Explore the different themes within Shakespeare's tragic play, Romeo and Juliet. Themes are central to understanding Romeo and Juliet as a play and identifying Shakespeare's social and political commentary.
From the beginning, we know that the story of Romeo and Juliet will end in tragedy. We also know that their tragic ends will not result from their own personal defects but from fate, which has marked them for sorrow. Emphasizing fate's control over their destinies, the Prologue tells us these "star-cross'd lovers'" relationship is deathmark'd."
In Act I, Scene ii, as Lord Capulet's servant is searching for someone who can read the guest list to him, Benvolio and Romeo enter. Completely by chance, Capulet's servant meets Romeo and Benvolio, wondering if they know how to read. This accidental meeting emphasizes the importance of fate in the play. Romeo claims it is his "fortune" to read — indeed, "fortune" or chance has led Capulet's servant to him — and this scene prepares us for the tragic inevitability of the play.
The lovers will be punished not because of flaws within their personalities but because fate is against them. Ironically, the servant invites Romeo to the Capulet's house, as long as he is not a Montague, to "crush a cup of wine." Only fate could manufacture this unlikely meeting with Capulet's illiterate servant, as only fate will allow Romeo to trespass into the Capulet's domain and meet Juliet.
Love is another important thematic element in the play, which presents various types of love: the sensual, physical love advocated by the Nurse; the Proper or contractual love represented by Paris; and the passionate, romantic love of Romeo and Juliet. How do these various types of love relate to one another? Is physical attraction a necessary component of romantic love? Because words are slippery, Juliet worries that Romeo's protestation of love are merely lies. How can we know if love is true?
Value and Doubleness
Another important theme is the idea of value and doubleness. Just as language is ambiguous, so are value judgments. As the Friar reminds us, "virtue itself turns vice being misapplied, /And vice sometime's by action dignified" (II.iii.17-18). Within a flower, for example lies both poison and medicine. Similarly, the deaths of Romeo and Juliet are tragic but also bring new life to Verona. The Friar's own role in the play contains this ambiguity. Although he tries to help the lovers, his actions lead to their suffering. Shakespeare's message is that nothing is purely good or evil; everything contains elements of both. Ambiguity rules.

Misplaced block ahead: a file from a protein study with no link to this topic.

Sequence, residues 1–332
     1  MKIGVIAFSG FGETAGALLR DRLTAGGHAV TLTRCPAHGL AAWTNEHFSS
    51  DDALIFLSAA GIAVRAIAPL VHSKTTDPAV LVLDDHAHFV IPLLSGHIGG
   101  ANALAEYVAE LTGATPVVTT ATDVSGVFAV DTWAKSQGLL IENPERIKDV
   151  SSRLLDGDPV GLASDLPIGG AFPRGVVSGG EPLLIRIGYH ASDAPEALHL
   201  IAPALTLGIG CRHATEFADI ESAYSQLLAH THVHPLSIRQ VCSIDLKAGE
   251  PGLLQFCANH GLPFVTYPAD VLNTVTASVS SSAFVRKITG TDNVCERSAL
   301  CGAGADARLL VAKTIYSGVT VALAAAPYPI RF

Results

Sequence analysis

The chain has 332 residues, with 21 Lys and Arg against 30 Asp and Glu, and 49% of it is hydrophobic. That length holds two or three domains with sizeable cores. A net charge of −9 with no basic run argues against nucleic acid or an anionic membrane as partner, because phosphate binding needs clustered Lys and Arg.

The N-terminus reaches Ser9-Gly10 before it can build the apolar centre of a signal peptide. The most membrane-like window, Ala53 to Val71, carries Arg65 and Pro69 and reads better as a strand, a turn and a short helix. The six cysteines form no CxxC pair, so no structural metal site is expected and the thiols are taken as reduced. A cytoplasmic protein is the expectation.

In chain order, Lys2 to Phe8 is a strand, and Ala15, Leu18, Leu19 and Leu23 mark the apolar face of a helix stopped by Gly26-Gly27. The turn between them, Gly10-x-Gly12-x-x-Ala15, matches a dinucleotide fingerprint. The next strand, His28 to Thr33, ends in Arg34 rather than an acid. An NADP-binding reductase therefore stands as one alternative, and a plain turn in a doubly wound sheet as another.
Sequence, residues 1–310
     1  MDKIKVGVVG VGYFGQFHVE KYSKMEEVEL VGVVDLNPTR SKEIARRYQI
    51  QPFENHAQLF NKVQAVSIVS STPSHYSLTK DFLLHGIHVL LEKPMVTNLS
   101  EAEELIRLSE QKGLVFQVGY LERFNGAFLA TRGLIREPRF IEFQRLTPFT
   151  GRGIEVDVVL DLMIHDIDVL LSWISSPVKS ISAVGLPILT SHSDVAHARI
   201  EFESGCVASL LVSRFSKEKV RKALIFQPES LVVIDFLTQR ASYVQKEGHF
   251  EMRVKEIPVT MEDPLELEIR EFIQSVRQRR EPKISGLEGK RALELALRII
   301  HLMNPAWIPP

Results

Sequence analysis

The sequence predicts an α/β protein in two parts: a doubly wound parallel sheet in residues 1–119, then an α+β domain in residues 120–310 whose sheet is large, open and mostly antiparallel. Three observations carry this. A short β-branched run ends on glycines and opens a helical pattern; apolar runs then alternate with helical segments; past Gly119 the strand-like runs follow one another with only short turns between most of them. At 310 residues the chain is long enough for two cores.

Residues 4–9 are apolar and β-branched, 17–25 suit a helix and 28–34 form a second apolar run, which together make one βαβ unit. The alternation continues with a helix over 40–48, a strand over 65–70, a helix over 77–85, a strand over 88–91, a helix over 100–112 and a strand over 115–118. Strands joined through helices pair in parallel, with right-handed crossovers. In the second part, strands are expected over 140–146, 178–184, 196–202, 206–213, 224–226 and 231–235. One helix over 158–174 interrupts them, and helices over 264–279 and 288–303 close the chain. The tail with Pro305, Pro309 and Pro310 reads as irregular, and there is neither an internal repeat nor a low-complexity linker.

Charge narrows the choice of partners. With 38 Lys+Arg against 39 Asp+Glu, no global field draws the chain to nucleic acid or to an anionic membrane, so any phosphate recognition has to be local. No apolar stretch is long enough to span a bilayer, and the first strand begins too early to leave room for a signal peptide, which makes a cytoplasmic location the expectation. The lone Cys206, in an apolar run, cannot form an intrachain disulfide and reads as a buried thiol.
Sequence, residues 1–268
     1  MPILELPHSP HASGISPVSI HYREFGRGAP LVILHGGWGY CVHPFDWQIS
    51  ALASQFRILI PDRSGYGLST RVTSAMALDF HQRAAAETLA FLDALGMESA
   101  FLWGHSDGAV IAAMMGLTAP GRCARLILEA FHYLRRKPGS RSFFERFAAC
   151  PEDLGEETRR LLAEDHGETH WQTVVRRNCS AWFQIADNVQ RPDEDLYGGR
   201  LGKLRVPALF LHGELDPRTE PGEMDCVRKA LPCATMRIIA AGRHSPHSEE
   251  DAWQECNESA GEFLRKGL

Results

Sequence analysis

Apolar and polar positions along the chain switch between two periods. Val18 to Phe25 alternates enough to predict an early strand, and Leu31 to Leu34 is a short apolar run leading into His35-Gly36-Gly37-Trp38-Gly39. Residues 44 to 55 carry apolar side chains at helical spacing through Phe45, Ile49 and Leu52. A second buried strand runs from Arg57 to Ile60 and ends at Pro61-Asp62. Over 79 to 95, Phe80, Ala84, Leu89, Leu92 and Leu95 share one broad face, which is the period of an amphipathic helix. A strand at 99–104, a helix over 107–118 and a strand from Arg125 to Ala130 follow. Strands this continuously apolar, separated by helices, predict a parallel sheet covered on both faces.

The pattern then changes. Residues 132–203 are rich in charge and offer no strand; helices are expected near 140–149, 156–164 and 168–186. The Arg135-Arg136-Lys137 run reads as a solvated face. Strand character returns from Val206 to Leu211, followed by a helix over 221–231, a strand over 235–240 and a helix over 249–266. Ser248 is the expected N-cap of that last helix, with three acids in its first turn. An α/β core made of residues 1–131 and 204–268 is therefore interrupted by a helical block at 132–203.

Meaning of Gender
A final theme to be considered is the meaning of gender. In particular, the play offers a variety of versions of masculinity. One example is Mercutio, the showy male bird, who enjoys quarreling, fencing and joking. Mercutio has definite ideas about what masculinity should look like. He criticizes Tybalt for being too interested in his clothes and for speaking with a fake accent. Similarly, he suggests that Romeo's love-melancholy is effeminate, while his more sociable self is properly masculine. Therefore, his happiest when Romeo rejoins his witty, crazy group of male friends: "Now art thou sociable, now art thou Romeo; now art thou art, by art as well as by nature" (II.iv.89-90).
Romeo's masculinity is constantly questioned. Following Mercutio's death, for example, Romeo fears that his love of Juliet has effeminized him: "Thy beauty hath made me effeminate/And in my temper soften'd valour's steel" (III.i.116-117) so that his reputation as a man is "stain'd" (III.i.1113). In addition, the Friar accuses Romeo of being an "[u]nseemly woman in a seeming man" and says that his tears are "womanish" (III.iii.109-111).
What is the proper role for a man? The play seems to suggest that violence is not the way. Mediating between Mercutio's violent temper and Romeo's passivity, the Prince is possibly the best model of masculine behavior in the play: impartial and fair, he also opposes civil violence.